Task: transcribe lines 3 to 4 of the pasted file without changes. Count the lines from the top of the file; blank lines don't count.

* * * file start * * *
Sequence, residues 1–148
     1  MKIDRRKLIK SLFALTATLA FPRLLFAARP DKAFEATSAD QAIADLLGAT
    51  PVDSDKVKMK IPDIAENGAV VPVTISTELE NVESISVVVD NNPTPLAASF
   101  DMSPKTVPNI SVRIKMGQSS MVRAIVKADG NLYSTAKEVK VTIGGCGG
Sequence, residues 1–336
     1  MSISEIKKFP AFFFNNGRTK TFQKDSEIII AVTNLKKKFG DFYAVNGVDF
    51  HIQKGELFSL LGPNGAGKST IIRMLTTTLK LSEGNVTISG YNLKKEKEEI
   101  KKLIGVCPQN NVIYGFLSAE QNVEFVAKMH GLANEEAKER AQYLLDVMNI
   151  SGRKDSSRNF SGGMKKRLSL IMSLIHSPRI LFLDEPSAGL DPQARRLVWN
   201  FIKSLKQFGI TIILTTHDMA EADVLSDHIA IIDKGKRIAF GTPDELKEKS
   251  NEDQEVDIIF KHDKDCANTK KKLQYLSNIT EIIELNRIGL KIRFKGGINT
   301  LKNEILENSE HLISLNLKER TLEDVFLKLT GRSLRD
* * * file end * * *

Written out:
    51  PVDSDKVKMK IPDIAENGAV VPVTISTELE NVESISVVVD NNPTPLAASF
   101  DMSPKTVPNI SVRIKMGQSS MVRAIVKADG NLYSTAKEVK VTIGGCGG